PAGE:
Photographic book

Mississippi in the years 1720 - 1730


Jean-Baptiste Le Moyne
Jean-Baptiste Le Moyne

War with the Natchez, who resented the French for encroaching on their lands, had begun in 1729. In November of that year the Natchez attacked Fort Rosalie, killing more than 200 French settlers. In retaliation, the French, with help from the Choctaw, killed most of the Natchez and, in the following years, enslaved or scattered the rest.

The animosity of the Natchez was fueled by traders from Great Britain, which in the early 18th century was engaged in a long struggle with France for control of North America. In Mississippi the Chickasaw also sided with the British, and so eventually they too clashed with the French. However, the Chickasaw were noted warriors and proved a much tougher adversary than the Natchez.

In 1736 the Chickasaw decisively defeated a French force led by Jean-Baptiste Le Moyne, Sieur de Bienville, Iberville’s brother and the governor of Louisiana, in the Battle of Ackia near the site of present-day Tupelo. Largely as a result of that defeat, French control of Mississippi was restricted to the southern part.

In the early 1760s the lengthy colonial struggle between France and Great Britain finally ended with France’s defeat in the French and Indian War (1754-1763). Under the terms of the treaty ending the war, Great Britain acquired all of the former French claim east of the Mississippi River, including all of the present state of Mississippi. New Orleans and the territory west of the river had been ceded to Spain during the war.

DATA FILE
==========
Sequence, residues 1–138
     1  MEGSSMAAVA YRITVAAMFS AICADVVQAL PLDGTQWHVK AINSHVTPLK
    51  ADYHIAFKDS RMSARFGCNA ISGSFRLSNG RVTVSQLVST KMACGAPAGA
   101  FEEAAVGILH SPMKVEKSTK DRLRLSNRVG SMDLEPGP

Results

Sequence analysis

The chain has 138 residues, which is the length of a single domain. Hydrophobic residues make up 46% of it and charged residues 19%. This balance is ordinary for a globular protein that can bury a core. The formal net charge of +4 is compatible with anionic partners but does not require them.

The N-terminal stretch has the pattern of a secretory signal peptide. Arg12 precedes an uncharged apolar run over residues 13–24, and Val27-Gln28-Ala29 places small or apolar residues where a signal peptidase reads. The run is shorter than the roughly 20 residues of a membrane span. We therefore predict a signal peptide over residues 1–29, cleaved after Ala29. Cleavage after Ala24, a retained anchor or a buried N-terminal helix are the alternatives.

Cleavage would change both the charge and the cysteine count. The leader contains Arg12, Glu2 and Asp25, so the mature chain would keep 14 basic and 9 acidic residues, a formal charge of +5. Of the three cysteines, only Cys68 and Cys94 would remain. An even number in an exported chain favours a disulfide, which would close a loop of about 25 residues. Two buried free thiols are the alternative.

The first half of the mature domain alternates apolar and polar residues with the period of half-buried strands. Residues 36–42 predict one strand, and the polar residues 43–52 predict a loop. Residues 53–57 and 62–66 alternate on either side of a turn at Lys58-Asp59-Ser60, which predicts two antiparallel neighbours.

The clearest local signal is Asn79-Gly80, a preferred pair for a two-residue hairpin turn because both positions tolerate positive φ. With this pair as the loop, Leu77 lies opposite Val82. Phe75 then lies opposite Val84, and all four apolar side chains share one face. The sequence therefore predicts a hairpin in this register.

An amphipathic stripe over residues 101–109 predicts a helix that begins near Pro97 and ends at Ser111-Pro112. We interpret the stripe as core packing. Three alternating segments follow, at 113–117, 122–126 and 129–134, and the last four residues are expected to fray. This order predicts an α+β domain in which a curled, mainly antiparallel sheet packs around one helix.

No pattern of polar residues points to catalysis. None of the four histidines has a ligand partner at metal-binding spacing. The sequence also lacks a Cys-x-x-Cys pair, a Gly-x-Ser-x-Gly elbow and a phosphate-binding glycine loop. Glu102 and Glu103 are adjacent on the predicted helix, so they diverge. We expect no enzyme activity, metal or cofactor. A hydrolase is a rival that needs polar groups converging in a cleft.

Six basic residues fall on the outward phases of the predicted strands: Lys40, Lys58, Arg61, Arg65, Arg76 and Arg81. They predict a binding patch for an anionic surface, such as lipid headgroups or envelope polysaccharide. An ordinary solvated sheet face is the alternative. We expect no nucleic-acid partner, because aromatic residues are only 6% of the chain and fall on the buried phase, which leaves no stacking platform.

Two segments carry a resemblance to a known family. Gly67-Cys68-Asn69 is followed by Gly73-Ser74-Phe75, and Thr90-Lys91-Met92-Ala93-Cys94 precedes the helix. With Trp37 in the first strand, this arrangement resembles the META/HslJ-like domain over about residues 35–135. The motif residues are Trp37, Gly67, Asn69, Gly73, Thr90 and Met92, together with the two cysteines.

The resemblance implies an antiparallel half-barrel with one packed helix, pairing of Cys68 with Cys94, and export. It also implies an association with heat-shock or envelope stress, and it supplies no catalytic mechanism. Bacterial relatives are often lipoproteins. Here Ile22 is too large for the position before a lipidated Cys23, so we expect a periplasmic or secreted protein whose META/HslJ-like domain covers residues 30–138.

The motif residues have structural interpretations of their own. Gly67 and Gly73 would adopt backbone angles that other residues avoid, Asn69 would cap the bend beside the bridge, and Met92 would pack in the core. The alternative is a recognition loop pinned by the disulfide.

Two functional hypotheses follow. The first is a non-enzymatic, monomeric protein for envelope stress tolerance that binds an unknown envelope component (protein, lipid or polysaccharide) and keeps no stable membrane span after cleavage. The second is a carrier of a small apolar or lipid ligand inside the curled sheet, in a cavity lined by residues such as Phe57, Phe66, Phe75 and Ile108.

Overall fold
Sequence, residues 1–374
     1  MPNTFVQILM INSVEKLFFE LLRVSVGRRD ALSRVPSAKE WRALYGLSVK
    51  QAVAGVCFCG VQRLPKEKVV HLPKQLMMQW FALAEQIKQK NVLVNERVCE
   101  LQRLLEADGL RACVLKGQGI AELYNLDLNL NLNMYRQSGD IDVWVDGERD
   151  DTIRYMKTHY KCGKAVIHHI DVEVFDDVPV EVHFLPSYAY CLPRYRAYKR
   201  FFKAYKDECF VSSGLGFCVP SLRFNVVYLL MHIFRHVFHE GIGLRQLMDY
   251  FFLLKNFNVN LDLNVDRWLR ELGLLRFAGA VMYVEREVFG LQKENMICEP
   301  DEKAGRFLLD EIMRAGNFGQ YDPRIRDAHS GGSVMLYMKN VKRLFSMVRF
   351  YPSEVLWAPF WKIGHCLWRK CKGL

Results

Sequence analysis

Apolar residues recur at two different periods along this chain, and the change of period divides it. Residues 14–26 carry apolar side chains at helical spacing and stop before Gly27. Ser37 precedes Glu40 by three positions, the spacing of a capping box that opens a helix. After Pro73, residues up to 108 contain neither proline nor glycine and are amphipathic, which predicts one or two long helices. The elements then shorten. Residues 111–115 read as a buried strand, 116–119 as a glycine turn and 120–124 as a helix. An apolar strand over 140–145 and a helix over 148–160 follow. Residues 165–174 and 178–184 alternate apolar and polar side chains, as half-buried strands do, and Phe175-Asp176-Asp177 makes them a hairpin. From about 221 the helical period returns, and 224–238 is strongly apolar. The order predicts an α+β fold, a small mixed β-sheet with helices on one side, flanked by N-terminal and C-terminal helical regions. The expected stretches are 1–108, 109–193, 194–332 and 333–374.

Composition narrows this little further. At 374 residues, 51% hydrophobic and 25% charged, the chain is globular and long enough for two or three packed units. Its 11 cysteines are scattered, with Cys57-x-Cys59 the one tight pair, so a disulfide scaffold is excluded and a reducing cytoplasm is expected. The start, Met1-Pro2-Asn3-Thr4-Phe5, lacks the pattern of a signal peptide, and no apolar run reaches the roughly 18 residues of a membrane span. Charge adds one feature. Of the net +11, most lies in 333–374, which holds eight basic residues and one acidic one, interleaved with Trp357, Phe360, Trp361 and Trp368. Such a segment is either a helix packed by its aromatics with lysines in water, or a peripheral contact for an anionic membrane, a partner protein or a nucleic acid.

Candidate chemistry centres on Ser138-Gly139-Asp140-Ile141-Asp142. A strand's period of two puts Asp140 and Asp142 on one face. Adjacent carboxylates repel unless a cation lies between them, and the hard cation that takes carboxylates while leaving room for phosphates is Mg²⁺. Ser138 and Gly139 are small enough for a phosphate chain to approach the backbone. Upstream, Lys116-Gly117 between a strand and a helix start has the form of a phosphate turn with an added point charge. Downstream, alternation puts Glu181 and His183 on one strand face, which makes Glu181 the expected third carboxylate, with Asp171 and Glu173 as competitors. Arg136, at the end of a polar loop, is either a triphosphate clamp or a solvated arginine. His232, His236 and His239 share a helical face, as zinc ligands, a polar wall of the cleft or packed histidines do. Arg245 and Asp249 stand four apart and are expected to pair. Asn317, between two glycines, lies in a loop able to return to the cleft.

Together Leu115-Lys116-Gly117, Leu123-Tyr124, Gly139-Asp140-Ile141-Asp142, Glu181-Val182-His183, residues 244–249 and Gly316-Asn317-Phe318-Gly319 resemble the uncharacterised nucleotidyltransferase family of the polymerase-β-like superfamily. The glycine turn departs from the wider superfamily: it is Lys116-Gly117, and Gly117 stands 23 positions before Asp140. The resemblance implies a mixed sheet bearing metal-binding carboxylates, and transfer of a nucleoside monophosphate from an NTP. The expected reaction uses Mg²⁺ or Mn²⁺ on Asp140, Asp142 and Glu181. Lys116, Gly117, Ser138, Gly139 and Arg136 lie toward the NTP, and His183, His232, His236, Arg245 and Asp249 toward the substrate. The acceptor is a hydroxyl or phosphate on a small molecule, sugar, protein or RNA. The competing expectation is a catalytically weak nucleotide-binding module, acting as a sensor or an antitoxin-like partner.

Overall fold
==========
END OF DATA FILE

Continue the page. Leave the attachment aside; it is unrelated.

British Rule


Under the British that part of Mississippi south of latitude 31° north was included in the province of West Florida. The British moved the boundary northward and finally set it between latitudes 32° and 33° north, near present-day Vicksburg, in 1767. The king of Great Britain, by the Royal Proclamation of 1763, reserved the area north of that line for Native Americans, and settlement by whites was forbidden there without the permission of the Native American inhabitants. South of that line, settlers came from the British Atlantic Seaboard colonies. They were attracted particularly to the rich virgin bluffs around Natchez. During the American Revolution (1775-1783) the rate of migration increased as Loyalists (colonists loyal to the king) fled from the rebelling colonies.

Across the Mississippi River from West Florida was the remainder of Louisiana, now governed by Spain. During the American Revolution, Spain declared war on Great Britain. The governor of Louisiana, Bernardo de Gálvez, led Spanish forces that captured major settlements in West Florida, including Baton Rouge, Natchez, and Pensacola. In 1781 Gálvez took over the administration of the region. Great Britain ceded West Florida to Spain in the peace treaty of 1783. "Mississippi" © Emmanuel BUCHOT, Encarta, Wikipedia

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